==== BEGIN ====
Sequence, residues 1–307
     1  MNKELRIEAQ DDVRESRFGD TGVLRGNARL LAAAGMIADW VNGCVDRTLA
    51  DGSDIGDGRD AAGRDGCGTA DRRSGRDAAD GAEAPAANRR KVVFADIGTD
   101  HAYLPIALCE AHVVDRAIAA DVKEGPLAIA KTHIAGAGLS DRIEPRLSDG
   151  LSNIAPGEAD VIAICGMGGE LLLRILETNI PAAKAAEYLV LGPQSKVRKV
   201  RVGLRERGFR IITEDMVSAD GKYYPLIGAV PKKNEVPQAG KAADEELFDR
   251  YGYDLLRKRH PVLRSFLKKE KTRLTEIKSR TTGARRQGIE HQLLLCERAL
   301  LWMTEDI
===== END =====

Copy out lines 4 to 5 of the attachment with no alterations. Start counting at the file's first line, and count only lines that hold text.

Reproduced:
   101  HAYLPIALCE AHVVDRAIAA DVKEGPLAIA KTHIAGAGLS DRIEPRLSDG
   151  LSNIAPGEAD VIAICGMGGE LLLRILETNI PAAKAAEYLV LGPQSKVRKV